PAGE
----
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|Signed||5 June 1992|
|Location||Rio de Janeiro|
|Effective||29 December 1993|
|Depositary||Secretary-General of the United Nations|
|Languages||Arabic, Chinese, English, French, Russian and Spanish|
The Convention on Biological Diversity (CBD), known informally as the Biodiversity Convention, is a multilateral treaty. The Convention has three main goals including: the conservation of biological diversity (or biodiversity); the sustainable use of its components; and the fair and equitable sharing of benefits arising from genetic resources.
In other words, its objective is to develop national strategies for the conservation and sustainable use of biological diversity. It is often seen as the key document regarding sustainable development. The Convention was opened for signature at the Earth Summit in Rio de Janeiro on 5 June 1992 and entered into force on 29 December 1993. At the 2010 10th Conference of Parties (COP) to the Convention on Biological Diversity in October in Nagoya, Japan, the Nagoya Protocol was adopted.
The notion of an international convention on biological diversity was conceived at a United Nations Environment Programme (UNEP) Ad Hoc Working Group of Experts on Biological Diversity in November 1988. The subsequent year, the Ad Hoc Working Group of Technical and Legal Experts was established for the drafting of a legal text which addressed the conservation and sustainable use of biological diversity, as well as the sharing of benefits arising from their utilization with sovereign states and local communities. In 1991, an intergovernmental negotiating committee was established, tasked with finalizing the convention's text.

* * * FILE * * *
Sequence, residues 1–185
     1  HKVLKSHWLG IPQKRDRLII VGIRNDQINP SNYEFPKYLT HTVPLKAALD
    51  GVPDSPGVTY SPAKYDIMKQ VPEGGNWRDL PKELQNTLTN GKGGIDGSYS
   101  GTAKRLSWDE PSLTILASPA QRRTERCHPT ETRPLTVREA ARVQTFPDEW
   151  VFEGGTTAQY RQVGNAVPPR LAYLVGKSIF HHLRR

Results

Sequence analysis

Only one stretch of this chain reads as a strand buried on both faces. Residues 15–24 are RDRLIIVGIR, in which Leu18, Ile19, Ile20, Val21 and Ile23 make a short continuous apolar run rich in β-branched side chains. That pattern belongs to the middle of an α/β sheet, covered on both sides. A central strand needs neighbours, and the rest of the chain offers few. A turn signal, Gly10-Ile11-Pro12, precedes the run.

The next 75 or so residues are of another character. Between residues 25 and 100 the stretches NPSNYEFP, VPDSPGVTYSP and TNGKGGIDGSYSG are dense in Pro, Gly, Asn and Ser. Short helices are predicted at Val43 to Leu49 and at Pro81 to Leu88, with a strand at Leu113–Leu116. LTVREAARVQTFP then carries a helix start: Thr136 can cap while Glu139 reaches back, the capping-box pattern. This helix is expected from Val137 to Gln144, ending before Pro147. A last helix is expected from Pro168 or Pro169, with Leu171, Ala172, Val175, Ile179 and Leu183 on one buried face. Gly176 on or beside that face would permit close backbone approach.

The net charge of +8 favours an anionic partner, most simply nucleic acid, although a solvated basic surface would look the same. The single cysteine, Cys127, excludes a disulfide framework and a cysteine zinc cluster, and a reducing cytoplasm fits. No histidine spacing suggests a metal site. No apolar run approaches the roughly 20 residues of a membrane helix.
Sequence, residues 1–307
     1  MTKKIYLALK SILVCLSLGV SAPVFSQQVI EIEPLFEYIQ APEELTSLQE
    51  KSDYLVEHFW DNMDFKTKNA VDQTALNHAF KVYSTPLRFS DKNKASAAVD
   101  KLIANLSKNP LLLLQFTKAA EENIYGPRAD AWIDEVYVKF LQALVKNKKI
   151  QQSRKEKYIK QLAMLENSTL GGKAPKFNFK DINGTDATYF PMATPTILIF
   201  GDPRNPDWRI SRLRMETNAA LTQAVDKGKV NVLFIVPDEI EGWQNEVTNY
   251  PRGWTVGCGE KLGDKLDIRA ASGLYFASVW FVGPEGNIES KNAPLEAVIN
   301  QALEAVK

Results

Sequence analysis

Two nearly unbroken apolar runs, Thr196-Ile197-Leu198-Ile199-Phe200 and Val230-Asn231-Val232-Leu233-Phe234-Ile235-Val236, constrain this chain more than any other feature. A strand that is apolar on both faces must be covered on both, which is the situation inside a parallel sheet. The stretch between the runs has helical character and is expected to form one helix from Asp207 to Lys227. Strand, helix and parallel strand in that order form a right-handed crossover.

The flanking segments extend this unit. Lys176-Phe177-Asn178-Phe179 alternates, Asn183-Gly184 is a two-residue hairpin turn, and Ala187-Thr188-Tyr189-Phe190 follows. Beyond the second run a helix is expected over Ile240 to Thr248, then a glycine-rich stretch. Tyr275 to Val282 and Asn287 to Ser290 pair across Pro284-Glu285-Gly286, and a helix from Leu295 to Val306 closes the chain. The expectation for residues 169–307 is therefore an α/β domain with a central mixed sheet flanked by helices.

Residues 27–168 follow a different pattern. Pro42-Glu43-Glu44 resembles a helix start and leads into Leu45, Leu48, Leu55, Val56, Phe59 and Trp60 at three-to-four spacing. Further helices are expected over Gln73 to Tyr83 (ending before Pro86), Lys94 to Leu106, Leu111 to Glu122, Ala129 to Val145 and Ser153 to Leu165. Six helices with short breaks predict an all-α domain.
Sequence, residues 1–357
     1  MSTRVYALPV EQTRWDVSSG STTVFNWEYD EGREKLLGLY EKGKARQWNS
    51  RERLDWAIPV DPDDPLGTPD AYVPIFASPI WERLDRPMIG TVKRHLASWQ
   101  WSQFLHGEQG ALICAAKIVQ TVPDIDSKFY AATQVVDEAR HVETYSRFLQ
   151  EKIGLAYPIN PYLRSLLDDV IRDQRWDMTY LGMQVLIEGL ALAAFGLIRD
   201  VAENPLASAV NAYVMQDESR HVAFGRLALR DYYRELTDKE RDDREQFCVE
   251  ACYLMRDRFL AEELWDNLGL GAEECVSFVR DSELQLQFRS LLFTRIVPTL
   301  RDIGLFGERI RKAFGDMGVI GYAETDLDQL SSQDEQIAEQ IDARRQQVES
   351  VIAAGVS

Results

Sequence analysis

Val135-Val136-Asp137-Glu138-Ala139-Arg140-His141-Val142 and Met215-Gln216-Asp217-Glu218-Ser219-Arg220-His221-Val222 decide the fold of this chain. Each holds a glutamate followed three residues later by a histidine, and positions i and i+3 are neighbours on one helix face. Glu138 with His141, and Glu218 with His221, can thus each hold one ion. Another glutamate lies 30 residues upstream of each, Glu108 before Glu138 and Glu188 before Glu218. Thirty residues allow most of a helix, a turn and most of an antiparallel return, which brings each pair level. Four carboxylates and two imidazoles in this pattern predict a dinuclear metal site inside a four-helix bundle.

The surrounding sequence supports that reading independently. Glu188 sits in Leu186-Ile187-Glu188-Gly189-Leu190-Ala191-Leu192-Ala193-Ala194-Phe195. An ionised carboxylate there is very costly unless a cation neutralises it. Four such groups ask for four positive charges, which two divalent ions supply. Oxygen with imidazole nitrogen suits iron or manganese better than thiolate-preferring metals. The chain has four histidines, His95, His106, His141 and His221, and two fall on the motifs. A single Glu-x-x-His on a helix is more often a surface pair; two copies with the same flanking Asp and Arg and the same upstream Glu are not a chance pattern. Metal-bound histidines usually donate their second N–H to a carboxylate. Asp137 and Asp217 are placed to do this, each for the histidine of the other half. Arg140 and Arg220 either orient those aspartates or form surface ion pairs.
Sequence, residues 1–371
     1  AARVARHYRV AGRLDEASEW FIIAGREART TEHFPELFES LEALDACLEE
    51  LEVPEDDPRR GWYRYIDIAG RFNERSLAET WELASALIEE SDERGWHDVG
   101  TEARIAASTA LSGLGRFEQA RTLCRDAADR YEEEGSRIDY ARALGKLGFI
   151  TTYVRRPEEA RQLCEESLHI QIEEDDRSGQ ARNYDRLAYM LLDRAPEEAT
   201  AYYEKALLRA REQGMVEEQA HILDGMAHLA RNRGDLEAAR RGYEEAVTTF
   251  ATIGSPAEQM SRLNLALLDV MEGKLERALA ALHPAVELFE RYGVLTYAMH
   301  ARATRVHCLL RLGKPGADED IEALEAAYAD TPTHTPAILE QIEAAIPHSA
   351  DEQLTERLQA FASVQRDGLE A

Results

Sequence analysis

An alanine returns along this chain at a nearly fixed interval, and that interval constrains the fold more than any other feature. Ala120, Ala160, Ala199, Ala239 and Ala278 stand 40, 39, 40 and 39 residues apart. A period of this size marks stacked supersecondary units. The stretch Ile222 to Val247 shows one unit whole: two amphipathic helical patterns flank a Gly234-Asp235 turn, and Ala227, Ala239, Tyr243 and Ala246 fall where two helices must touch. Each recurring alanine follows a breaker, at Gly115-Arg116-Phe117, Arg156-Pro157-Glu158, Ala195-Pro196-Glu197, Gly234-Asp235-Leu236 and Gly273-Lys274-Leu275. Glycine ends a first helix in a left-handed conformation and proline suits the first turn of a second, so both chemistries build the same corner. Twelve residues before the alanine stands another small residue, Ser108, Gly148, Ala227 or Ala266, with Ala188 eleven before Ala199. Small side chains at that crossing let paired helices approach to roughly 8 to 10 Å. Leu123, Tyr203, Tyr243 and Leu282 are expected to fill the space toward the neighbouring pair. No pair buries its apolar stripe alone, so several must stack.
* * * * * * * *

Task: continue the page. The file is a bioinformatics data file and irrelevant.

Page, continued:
A Conference for the Adoption of the Agreed Text of the Convention on Biological Diversity was held in Nairobi, Kenya, in 1992, and its conclusions were distilled in the Nairobi Final Act. The Convention's text was opened for signature on 5 June 1992 at the United Nations Conference on Environment and Development (the Rio "Earth Summit"). By its closing date, 4 June 1993, the convention had received 168 signatures. It entered into force on 29 December 1993.
The convention recognized for the first time in international law that the conservation of biological conservation of biodiversity is "a common concern of humankind" and is an integral part of the development process. The agreement covers all ecosystems, species, and genetic resources. It links traditional conservation efforts to the economic goal of using biological resources sustainably. It sets principles for the fair and equitable sharing of the benefits arising from the use of genetic resources, notably those destined for commercial use. It also covers the rapidly expanding field of biotechnology through its , addressing technology development and transfer, benefit-sharing and biosafety issues. Importantly, the Convention is legally binding; countries that join it ('Parties') are obliged to implement its provisions.
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